Ok fantastic. Thank you for those excellent insights, Let’s now shift to the main focus of our interview about How to Successfully Ride The Emotional Highs & Lows Of Being An Entrepreneur. The journey of an entrepreneur is never easy, and is filled with challenges, failures, setbacks, as well as joys, thrills and celebrations. This might be intuitive, but I think it will be very useful to specifically articulate it. Can you describe to our readers why no matter how successful you are as an entrepreneur, you will always have fairly dramatic highs and lows? Particularly, can you help explain why this is different from someone with a “regular job”?

Luckily for me, the highs have drastically outweighed the lows. But with success comes setbacks, even failures. As CEO, there are constant pressures and high expectations. Running a business is more than a full-time job.

Do you feel comfortable sharing a story from your own experience about how you felt unusually high and excited as a result of your business? We would love to hear it.

When we hired Michael Colacino as our President. He’s one of the best and brightest in the business, and the fact that he was signing up to join our team and sit next to me every day to help build the commercial real estate firm of the next generation was surreal. It was one of those moments when I had to pinch myself to make sure it wasn’t a dream.

Do you feel comfortable sharing a story from your own experience about how you felt unusually low, and vulnerable as a result of your business? We would love to hear it.

The first 6–7 months during COVID were really tough. Office space leasing was one of the hardest-hit parts of the economy, especially in NYC, which was our main market at the time. We knew there would be light at the end of the tunnel, but we had no idea where in the tunnel we were at the time.

Based on your experience can you tell us what you did to bounce back?

As Winston Churchill says, “when you’re going through hell, keep going.” We knew that we were in a tough time, but we also knew that the tough times weren’t going to last forever. So we kept our heads down and kept pushing forward, building the business that we wanted to have when the world started going back to normal.

Ok super. Here is the main question of our interview. What are your “Five Things You Need To Successfully Ride The Emotional Highs & Lows Of Being An Entrepreneur”? Please share a story or an example for each.

  1. First off, you need to be dedicated to the cause. Whatever you’re building, you need to be passionate about. There are so many highs and lows that if you’re not mission-driven by what you’re building, you’re in for an unpleasant journey. Rough seas are only worth traveling if you want to go to the destination.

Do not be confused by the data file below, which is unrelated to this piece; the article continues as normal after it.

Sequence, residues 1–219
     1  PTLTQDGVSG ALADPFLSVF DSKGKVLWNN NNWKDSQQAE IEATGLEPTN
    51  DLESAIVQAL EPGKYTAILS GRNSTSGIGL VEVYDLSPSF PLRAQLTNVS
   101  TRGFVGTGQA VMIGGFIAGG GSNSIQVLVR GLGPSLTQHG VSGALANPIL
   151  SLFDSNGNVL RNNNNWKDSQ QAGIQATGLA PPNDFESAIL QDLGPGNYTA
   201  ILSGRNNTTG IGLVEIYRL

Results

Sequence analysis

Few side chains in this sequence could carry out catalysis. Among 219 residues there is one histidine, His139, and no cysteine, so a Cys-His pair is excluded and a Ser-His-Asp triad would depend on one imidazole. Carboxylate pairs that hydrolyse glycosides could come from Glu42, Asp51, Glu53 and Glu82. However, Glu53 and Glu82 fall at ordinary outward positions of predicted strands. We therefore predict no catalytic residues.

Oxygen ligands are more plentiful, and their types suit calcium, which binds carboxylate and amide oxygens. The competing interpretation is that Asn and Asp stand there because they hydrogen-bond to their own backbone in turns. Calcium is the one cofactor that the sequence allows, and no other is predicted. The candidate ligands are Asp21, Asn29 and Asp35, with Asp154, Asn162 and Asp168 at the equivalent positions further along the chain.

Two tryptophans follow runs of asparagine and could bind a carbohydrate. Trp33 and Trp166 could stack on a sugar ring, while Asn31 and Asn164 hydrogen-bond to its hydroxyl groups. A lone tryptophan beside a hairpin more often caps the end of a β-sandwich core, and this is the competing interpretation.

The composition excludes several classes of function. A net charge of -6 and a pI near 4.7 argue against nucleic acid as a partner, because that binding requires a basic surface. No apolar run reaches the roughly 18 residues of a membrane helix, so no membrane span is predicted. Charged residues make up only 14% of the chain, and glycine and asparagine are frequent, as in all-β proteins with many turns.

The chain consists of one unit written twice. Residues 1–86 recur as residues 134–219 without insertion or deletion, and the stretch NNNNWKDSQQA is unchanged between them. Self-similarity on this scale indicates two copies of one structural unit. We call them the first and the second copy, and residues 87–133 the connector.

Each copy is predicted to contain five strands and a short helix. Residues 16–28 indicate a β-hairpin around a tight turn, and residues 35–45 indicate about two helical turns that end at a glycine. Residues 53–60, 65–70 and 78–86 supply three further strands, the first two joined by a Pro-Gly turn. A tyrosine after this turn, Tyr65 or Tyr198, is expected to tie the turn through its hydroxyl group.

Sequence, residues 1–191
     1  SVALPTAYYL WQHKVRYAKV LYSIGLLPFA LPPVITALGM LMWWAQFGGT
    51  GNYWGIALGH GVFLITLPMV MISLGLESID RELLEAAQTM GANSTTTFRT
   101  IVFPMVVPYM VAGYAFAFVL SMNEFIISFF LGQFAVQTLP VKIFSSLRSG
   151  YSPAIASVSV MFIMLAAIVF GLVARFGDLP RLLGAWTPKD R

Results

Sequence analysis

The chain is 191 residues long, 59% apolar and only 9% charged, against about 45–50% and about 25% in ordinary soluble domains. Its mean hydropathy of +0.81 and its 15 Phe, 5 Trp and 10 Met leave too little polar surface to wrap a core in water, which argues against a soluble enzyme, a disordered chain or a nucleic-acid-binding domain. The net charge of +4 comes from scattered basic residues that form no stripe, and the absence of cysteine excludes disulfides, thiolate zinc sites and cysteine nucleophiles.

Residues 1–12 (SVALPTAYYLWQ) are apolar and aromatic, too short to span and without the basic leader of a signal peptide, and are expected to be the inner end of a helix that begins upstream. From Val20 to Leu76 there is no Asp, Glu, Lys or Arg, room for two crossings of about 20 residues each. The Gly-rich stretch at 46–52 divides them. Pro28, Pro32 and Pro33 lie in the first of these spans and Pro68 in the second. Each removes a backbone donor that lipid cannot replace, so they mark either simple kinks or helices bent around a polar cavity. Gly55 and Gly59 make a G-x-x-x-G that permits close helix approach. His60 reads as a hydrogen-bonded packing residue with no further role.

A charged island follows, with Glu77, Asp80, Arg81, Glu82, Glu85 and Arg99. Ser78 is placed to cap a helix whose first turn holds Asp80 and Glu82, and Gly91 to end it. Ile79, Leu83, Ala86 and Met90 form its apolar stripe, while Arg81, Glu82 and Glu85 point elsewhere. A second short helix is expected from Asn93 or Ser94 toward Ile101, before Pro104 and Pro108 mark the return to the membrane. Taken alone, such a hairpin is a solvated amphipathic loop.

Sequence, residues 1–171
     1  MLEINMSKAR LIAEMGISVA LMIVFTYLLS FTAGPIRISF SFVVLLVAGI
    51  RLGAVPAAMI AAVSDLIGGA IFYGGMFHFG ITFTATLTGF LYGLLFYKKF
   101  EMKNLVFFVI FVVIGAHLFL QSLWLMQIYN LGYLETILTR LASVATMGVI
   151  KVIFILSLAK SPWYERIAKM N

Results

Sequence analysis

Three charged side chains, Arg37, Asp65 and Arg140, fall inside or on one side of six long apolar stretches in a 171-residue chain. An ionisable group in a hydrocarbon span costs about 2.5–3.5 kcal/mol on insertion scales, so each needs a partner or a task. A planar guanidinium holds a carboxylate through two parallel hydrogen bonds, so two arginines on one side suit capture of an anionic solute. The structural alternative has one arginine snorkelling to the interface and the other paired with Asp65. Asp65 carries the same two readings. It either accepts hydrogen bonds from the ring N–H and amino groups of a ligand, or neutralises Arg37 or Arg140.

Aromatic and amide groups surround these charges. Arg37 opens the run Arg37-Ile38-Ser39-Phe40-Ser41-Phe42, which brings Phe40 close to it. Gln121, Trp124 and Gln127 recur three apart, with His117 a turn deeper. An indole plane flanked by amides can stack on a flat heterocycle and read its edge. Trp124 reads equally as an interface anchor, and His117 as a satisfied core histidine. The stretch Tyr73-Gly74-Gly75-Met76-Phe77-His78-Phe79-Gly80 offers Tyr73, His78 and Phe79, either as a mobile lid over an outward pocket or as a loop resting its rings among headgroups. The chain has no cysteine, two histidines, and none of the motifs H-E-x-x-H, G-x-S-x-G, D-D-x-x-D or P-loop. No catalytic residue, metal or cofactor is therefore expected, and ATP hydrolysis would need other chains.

2. Surround yourself with great people. I believe that if you work on great things with great people, the rest sorts itself out. Great people make the lows tolerable and the highs that much better.
  3. Take care of yourself. Get enough sleep, eat well, exercise, have hobbies.
  4. Hang out with other entrepreneurs. The highs and lows are normal. It’s helpful to hear firsthand from others experiencing the same.
  5. Pick the right partner in life. Someone who’s there for you in the highs and lows. In many ways, this is your most important teammate.

We are living during challenging times and resilience is critical during times like these. How would you define resilience? What do you believe are the characteristics or traits of resilient people?

I’ve said it before and I will say it again: Conviction will get you through the tough times.

Did you have any experiences growing up that have contributed to building your resiliency? Would you mind sharing a story?

I don’t think that resiliency necessarily needs to stem from one touchstone experience. Rather, it’s the culmination of hundreds of little setbacks that we all encounter on a regular basis going through life.

In your opinion, do you tend to keep a positive attitude during difficult situations? What helps you to do so?

It is important to remain positive but realistic. Throughout the pandemic, I have remained bullish on the future of the office market and have been transparent with my team on this. I stay positive during difficult situations by working hard and being nice to people. Treating people in the same way you would expect to be treated fosters a positive and respectful work environment even in the hardest of times.

Can you help articulate why a leader’s positive attitude can have a positive impact both on their clients and their team? Please share a story or example if you can.

I was told early in my career that leadership casts a big shadow. What you say, what you do, and how you act will be viewed and imitated up and down the organization.

Ok. Super. We are nearly done. What is your favorite inspirational quote that motivates you to pursue greatness? Can you share a story about how it was relevant to you in your own life?

“It’s a long way to the top if you want to rock and roll.” AC/DC

How can our readers further follow you online?

Twitter: @jmwass.

LinkedIn: Follow SquareFoot on LinkedIn for company updates

This was very inspiring. Thank you so much for the time you spent with this. We wish you continued success and good health!